Amid the bustle of Palm Sunday, Good Friday, and Easter, Maundy Thursday is easy to overlook. Few calendars label it, and some churches don’t observe it at all, though it may be the oldest of the Holy Week observances. It’s worth asking why, and how, generations of Christians have revered this day.
The Middle English word “Maundy” comes from the Latin mandatum, meaning “command.” The reference is Jesus’ words to his disciples in John 13:34:
“A new command I give you: Love one another. As I have loved you, so you must love one another.“
Jesus spoke those words at the Last Supper, which took place the Thursday before Easter.
Alternatives Meanings of Maundy
Later tradition, however, suggests the term comes either from the Saxon word mand, which afterward became maund — a name for a basket, and subsequently for any gift or offering contained in the basket — or from the French word maund, from Old French mendier, which in turn comes from Latin mendicare, meaning “to beg.” It’s the same root from which we get “mendicant order” or those that rely on the giving of alms.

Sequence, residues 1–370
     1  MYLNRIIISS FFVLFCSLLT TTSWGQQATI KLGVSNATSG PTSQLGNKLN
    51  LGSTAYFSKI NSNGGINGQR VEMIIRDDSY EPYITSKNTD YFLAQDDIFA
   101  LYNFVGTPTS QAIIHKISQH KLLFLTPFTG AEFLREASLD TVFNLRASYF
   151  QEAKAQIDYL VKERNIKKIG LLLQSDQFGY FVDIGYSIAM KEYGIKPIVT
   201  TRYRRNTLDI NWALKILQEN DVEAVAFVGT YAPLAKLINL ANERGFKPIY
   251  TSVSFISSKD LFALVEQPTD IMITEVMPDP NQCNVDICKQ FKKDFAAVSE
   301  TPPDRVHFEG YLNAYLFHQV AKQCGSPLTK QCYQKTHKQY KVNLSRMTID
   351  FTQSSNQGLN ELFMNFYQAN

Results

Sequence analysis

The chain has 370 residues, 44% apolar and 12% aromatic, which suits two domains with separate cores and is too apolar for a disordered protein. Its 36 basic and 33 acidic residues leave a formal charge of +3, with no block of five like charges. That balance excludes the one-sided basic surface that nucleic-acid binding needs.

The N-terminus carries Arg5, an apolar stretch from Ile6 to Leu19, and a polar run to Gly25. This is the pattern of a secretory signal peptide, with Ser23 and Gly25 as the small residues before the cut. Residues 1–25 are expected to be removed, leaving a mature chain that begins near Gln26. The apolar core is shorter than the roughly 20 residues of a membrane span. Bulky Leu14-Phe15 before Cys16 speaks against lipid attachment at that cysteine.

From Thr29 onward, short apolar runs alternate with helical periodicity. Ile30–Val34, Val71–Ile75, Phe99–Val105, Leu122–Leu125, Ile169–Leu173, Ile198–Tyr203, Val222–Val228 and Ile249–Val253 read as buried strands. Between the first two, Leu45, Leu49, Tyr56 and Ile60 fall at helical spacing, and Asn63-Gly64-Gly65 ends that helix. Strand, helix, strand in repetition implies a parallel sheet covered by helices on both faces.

In both of these cases, they converge in the English tradition, dating back to England in 1210, of the Crown giving gifts to the poor on this date in a container called a “maund” or “maundy purse.”
Roman Catholic Celebration of Maundy Thursday
In the Roman Catholic tradition, Maundy Thursday Evening marks the beginning of the Easter Triduum. A triduum is a space of three days usually accompanying a church festival or holy days that are devoted to special prayer and observance. Maundy Thursday is followed by Good Friday, Holy Saturday and concludes with evening prayers on Easter Sunday.
Protestant Practices of Maundy Thursday
Protestant churches that do observe Maundy Thursday may offer a dramatic re-enactment of the Last Supper or another special Communion service. Foot-washing services and adapted…